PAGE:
Table of Contents
- Inference Rules
- State Machines
- Decision Tables
- Business Rules
- Process Orchestration
- Event Pattern Matching
TIBCO BusinessEvents, unique and core capabilities are listed below
Inference rules provide a mechanism for relating events that represent point-intime data with other events or concepts that represent historical data residing in diverse sources/databases. Inference rules can be written declaratively and forward-chained during execution by a high performance inference engine to generate meaningful actions. Inference rules are used, for example, to relate a customer?s purchase history with perishable inventory and provide real-time offers that are relevant to the customer and yet profitable for the organization.
State machines provide an event-driven and rules-based mechanism for tracking and tracing entity lifecycles. Missing events can be detected through timeouts. For example, they can be used to track and trace orders that go through a number of steps before being fulfilled, to better monitor SLAs at every step by alerting responsible staff in case of a time-out, and to provide real-time status updates to customers.
Decision tables are business-user defined rules that provide a spreadsheet-like interface. They are ideal for creating rules with conditions that are combinations of possible values or ranges of values for a set of parameters, for example: ?If the applicant is female, in the age group 30-40, has 10 years of driving history, resides in the state of California, has never had an accident, has a Master?s degree, owns a regular sedan in the price range of $15K-25K, then the premium is USD 400 per annum.? The actions for each combination can be specified inside cells of the spreadsheet.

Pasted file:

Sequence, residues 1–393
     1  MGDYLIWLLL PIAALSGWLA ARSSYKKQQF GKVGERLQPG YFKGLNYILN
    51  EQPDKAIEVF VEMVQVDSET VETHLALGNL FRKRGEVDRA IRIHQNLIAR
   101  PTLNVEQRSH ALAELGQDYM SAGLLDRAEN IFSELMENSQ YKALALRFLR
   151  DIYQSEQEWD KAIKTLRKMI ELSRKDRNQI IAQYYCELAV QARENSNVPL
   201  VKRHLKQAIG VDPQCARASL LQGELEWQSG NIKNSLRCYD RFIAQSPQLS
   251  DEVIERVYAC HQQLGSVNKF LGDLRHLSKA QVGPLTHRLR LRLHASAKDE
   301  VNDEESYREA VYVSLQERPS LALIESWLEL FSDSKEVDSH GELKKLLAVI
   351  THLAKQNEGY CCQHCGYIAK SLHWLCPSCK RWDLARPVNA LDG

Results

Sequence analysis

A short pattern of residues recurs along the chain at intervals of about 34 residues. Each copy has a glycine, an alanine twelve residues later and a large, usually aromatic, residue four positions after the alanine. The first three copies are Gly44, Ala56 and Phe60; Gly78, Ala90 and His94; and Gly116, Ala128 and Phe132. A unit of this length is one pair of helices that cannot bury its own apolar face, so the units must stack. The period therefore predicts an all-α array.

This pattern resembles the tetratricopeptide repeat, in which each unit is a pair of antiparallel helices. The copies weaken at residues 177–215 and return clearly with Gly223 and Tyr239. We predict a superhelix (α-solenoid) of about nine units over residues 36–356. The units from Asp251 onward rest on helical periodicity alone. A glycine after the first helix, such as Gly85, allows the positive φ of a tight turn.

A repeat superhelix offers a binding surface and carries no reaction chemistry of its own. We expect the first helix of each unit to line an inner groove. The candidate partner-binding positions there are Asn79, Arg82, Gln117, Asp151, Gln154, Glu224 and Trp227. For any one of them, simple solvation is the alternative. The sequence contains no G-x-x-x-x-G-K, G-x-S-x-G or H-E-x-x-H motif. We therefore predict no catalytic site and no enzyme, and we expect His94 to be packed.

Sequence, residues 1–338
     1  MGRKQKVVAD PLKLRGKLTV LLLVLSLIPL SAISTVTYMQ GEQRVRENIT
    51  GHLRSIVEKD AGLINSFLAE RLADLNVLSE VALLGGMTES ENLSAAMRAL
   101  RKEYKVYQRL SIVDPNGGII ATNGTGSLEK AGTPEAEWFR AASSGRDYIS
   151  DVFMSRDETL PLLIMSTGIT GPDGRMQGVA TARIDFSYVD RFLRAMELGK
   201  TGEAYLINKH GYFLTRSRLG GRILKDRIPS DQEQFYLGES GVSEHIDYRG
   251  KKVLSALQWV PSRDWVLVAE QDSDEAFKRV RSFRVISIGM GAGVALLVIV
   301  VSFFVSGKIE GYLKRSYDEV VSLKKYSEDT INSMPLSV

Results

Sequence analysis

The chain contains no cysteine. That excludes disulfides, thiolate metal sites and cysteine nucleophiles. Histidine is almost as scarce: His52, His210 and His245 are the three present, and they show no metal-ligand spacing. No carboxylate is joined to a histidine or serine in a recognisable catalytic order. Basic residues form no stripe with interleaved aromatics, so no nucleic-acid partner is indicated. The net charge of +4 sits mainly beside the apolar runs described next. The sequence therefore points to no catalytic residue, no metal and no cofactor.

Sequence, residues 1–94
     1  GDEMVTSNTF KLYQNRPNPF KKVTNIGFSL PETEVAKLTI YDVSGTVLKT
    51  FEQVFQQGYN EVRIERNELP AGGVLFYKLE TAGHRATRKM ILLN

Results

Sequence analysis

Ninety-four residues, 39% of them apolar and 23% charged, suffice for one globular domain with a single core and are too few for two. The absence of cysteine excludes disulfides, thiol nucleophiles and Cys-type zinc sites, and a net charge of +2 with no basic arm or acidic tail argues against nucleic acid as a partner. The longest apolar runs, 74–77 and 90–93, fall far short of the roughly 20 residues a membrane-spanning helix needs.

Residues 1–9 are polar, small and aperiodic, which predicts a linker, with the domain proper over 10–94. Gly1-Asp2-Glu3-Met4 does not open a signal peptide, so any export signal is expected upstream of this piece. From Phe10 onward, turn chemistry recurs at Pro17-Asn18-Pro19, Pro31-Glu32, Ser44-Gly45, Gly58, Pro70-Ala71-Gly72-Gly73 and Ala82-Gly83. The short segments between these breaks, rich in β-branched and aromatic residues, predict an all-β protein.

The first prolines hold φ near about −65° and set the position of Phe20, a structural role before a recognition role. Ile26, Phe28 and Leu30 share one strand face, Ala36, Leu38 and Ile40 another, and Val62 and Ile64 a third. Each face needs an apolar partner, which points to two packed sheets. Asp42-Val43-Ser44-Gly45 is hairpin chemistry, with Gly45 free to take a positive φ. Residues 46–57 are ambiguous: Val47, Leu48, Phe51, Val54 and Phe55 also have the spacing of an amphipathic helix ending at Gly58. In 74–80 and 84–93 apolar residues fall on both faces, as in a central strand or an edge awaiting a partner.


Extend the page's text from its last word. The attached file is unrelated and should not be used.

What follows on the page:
Business rules are parameterized rules implemented by business users based on templates defined by technical users. Within TIBCO BusinessEvents, business users have a web-based interface for implementing rule templates. Business rules can be used to, for example, compute loyalty-related discounts based on customer category and total purchases over a period of time, where the discounts change frequently based on the time of the year, what competitors are offering, and other factors. Rules are controlled by the business through a business friendly interface and a flexible hot deployment framework that supports modifying rules as needed.
Event-driven complex straight-through processing can be achieved using BPMN 2.0-compliant processes that provide inference and decision paradigms within the processes. Event-driven process orchestration can be used to, for example, orchestrate the order fulfillment process for selling telecom bundles online where the processes involve computation of a number of rules or decision tables based on the availability of products and services in the area where the customer lives, the product and service combinations selected by the customer, and regulatory requirements in the area where the customer lives.
Temporal relations across event streams can often be expressed through patterns such as sequencing, duplicate detection, store and forward, and others. A simple pattern-matching language can be used to define and enforce patterns. Positive or negative callback functions can be triggered when the pattern is met or not met. Event pattern matching can be used, for example, by a shipping company to collect a minimum number of containers for a particular destination port or wait for a maximum period of time, whichever comes earlier, before ordering shipment.
Both snapshot and continuous queries are supported by TIBCO BusinessEvents. Snapshot queries provide information on the state of objects stored in the inmemory data grid, while continuous queries execute continuous aggregations on event streams and trigger actions through callbacks. Snapshot queries can be used to, for example, reschedule flights that were supposed to land at a particular airport that is being closed due to bad weather. Continuous queries can be used to aggregate faulty power line signals by location code, determine if a fault is likely to affect households, dispatch a technician, and proactively notify customers before they start calling to report the problem.